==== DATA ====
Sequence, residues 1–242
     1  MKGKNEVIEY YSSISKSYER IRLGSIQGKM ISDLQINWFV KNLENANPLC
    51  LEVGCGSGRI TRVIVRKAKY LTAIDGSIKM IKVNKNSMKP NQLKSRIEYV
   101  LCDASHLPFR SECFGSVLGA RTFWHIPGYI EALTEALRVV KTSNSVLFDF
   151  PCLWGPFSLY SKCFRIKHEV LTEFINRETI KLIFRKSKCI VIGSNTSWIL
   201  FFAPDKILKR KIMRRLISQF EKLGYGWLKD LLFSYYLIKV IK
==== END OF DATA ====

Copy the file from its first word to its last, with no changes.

Sequence, residues 1–242
     1  MKGKNEVIEY YSSISKSYER IRLGSIQGKM ISDLQINWFV KNLENANPLC
    51  LEVGCGSGRI TRVIVRKAKY LTAIDGSIKM IKVNKNSMKP NQLKSRIEYV
   101  LCDASHLPFR SECFGSVLGA RTFWHIPGYI EALTEALRVV KTSNSVLFDF
   151  PCLWGPFSLY SKCFRIKHEV LTEFINRETI KLIFRKSKCI VIGSNTSWIL
   201  FFAPDKILKR KIMRRLISQF EKLGYGWLKD LLFSYYLIKV IK